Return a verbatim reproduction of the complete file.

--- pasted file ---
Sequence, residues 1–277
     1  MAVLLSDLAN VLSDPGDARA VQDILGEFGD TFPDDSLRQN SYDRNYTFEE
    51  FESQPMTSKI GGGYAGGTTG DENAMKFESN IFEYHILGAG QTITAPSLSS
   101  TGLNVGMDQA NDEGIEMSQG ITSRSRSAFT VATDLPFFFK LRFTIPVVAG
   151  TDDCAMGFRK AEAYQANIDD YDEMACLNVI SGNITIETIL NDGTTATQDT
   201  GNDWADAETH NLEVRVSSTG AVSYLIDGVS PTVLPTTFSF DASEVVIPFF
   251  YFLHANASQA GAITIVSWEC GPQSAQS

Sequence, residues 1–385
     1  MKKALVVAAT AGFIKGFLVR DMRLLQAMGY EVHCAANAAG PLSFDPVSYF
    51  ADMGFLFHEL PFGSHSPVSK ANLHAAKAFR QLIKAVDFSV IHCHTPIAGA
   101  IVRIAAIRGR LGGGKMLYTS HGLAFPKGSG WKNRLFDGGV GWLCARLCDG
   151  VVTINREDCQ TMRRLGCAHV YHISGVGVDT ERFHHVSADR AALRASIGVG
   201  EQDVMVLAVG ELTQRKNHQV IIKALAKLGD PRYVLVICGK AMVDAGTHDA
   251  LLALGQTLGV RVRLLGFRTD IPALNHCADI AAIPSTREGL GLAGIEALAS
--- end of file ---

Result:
Sequence, residues 1–277
     1  MAVLLSDLAN VLSDPGDARA VQDILGEFGD TFPDDSLRQN SYDRNYTFEE
    51  FESQPMTSKI GGGYAGGTTG DENAMKFESN IFEYHILGAG QTITAPSLSS
   101  TGLNVGMDQA NDEGIEMSQG ITSRSRSAFT VATDLPFFFK LRFTIPVVAG
   151  TDDCAMGFRK AEAYQANIDD YDEMACLNVI SGNITIETIL NDGTTATQDT
   201  GNDWADAETH NLEVRVSSTG AVSYLIDGVS PTVLPTTFSF DASEVVIPFF
   251  YFLHANASQA GAITIVSWEC GPQSAQS

Sequence, residues 1–385
     1  MKKALVVAAT AGFIKGFLVR DMRLLQAMGY EVHCAANAAG PLSFDPVSYF
    51  ADMGFLFHEL PFGSHSPVSK ANLHAAKAFR QLIKAVDFSV IHCHTPIAGA
   101  IVRIAAIRGR LGGGKMLYTS HGLAFPKGSG WKNRLFDGGV GWLCARLCDG
   151  VVTINREDCQ TMRRLGCAHV YHISGVGVDT ERFHHVSADR AALRASIGVG
   201  EQDVMVLAVG ELTQRKNHQV IIKALAKLGD PRYVLVICGK AMVDAGTHDA
   251  LLALGQTLGV RVRLLGFRTD IPALNHCADI AAIPSTREGL GLAGIEALAS